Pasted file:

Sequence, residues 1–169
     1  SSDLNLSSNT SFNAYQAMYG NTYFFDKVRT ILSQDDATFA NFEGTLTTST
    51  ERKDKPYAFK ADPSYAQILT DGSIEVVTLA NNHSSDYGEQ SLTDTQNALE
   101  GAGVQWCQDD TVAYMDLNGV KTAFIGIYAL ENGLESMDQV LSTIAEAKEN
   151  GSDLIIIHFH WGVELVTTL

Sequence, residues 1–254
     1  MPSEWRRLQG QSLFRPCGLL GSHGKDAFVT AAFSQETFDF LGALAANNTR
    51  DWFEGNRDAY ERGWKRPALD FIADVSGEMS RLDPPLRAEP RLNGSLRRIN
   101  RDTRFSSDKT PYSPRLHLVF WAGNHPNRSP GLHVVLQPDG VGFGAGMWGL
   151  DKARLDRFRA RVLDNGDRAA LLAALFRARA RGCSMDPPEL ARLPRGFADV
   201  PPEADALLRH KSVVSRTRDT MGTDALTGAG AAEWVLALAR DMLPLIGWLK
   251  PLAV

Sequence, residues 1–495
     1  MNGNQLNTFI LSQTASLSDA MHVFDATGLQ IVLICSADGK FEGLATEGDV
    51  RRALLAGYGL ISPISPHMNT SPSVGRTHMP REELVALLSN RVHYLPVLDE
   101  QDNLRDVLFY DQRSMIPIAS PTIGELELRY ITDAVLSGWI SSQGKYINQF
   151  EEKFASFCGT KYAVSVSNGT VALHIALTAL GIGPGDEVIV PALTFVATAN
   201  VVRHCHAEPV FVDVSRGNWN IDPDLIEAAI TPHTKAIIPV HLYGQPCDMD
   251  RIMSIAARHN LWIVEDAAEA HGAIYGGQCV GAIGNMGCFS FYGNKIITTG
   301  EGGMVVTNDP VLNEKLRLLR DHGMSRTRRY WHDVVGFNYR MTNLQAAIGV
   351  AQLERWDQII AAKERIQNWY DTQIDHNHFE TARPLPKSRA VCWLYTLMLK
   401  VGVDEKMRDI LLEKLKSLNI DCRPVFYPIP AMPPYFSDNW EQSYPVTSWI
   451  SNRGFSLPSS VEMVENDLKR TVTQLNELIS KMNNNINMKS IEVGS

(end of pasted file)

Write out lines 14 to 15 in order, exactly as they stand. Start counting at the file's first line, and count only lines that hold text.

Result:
     1  MNGNQLNTFI LSQTASLSDA MHVFDATGLQ IVLICSADGK FEGLATEGDV
    51  RRALLAGYGL ISPISPHMNT SPSVGRTHMP REELVALLSN RVHYLPVLDE